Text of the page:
I pass out rulers and measuring cups filled with 2 cups of water. I leave the procedure on the screen throughout the process. I want the children to be able to refer back to it during the entire process. This allows me the chance to wander the classroom watching and observing teamwork and cooperative skills.
Before the children put their gummy bears in the water, they must measure them and record the data on their data gathering chart. I show them what this chart looks like on Slide 13. I show them where they data will be written and then change the slide back to Slide 12.
I purposely put 2 cups of water in each measuring cup so that there is half a cup of water for each child in the group. In math lessons, we have been learning about measurements and I am using this as a formative assessment to see if the children can measure out the water. They did not let me down. They did a great job. One group did have a very creative way of measuring that was not the practice that we have been learning. It did work, however.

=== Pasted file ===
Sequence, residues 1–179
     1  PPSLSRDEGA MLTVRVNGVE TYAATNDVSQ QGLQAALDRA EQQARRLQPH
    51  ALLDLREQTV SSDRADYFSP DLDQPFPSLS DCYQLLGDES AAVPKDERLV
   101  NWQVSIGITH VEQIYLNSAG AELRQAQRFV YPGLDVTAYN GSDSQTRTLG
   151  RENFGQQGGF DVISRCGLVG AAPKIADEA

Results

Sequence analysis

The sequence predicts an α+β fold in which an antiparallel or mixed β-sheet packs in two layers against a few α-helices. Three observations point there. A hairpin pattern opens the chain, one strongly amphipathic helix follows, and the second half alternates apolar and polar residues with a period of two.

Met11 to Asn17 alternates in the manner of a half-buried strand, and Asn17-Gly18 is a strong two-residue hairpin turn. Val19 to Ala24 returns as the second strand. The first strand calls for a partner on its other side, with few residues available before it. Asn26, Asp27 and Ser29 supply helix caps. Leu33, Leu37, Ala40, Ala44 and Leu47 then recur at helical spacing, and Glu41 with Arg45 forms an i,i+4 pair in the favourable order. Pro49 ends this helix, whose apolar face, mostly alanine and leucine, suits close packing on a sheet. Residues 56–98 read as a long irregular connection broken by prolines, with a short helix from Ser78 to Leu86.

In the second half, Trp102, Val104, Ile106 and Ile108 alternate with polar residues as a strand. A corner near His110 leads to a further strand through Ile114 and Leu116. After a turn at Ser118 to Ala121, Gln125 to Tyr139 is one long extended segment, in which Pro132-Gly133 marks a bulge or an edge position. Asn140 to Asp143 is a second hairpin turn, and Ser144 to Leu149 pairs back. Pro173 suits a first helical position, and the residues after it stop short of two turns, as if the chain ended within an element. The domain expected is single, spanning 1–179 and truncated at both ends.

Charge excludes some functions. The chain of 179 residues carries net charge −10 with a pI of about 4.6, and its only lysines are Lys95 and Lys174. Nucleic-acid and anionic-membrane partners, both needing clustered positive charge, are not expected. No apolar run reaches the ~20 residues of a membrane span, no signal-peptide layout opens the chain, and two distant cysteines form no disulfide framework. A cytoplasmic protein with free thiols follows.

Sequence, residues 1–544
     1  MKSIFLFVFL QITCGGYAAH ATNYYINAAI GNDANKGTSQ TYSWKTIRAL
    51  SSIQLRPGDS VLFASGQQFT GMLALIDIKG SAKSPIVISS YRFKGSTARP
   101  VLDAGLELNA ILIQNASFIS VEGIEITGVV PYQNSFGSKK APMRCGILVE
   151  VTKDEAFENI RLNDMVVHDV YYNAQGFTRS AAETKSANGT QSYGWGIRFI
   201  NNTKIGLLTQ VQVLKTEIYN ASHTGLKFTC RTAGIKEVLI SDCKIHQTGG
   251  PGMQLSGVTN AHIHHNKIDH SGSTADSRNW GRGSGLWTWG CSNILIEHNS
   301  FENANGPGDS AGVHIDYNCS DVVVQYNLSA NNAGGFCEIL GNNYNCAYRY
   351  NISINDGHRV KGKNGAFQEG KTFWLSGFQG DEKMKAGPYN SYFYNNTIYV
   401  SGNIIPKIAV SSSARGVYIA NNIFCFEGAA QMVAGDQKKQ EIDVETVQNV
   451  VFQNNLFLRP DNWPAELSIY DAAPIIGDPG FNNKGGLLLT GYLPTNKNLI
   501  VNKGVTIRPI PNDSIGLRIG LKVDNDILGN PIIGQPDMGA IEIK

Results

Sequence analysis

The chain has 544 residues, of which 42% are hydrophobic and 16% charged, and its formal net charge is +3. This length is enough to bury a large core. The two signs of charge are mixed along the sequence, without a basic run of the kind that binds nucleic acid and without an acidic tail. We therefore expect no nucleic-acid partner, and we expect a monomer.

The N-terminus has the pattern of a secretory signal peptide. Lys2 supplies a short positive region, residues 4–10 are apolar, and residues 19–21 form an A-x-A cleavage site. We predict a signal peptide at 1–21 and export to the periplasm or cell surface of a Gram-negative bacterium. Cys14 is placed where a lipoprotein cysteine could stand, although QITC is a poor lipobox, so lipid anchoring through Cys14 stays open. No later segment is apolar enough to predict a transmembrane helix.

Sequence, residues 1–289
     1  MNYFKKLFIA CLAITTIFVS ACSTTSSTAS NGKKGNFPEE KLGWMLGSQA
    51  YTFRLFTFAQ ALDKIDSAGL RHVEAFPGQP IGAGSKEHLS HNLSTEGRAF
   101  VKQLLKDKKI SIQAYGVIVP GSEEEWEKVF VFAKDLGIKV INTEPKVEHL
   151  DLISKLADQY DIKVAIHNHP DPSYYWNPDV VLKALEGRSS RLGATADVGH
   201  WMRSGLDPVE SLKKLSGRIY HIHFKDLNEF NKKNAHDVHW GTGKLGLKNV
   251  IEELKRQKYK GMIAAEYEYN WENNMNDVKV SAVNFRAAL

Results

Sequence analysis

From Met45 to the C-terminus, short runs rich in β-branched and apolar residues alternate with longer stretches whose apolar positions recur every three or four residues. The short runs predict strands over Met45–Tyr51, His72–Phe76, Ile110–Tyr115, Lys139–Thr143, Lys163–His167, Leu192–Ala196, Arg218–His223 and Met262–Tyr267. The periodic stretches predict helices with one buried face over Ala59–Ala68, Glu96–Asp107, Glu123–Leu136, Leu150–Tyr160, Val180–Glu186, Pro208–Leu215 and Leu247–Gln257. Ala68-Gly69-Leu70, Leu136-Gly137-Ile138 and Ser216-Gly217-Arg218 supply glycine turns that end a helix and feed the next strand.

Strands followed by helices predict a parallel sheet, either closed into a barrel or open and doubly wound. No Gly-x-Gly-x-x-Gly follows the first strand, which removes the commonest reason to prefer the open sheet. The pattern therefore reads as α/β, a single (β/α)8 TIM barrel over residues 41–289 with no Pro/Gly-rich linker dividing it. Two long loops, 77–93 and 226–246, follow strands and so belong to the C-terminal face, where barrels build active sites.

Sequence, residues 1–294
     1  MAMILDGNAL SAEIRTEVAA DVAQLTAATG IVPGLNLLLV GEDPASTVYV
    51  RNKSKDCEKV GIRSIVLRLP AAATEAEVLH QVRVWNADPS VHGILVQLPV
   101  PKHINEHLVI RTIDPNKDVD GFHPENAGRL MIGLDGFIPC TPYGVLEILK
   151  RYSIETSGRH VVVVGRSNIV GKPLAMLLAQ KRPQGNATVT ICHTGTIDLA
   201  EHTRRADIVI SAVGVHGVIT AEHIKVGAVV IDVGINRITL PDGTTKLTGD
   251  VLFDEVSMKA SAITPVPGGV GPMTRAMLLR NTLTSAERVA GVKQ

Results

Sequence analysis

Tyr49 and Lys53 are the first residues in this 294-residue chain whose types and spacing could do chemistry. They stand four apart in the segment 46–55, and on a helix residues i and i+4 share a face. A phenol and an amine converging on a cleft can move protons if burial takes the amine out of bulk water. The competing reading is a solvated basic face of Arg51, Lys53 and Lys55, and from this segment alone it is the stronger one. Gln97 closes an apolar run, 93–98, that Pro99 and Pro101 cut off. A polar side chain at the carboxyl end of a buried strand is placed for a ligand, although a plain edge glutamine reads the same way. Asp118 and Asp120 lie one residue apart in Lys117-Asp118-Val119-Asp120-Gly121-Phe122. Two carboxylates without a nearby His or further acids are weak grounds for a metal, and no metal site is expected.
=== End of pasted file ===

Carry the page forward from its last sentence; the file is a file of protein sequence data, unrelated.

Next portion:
Once the children have finished their work, we clean it all up and label each child's container with a sticky note and their name.
We discuss the concept that we may not observe any changes right away. We will check our work first thing in the morning when the children return.
When the children walk in to the classroom the next morning, I can barely contain their excitement to check their gummy bears. I bring the students the trays we kept the cups of water and bears on to each table. I use colored trays to match my teams colors. I color code everything in my class. I have found that it saves invaluable time for me.
The students are literally dying to get to the cups. Their eyes are huge when they see the results. And the comments begin to fly!!! The gummy bears have almost tripled in size.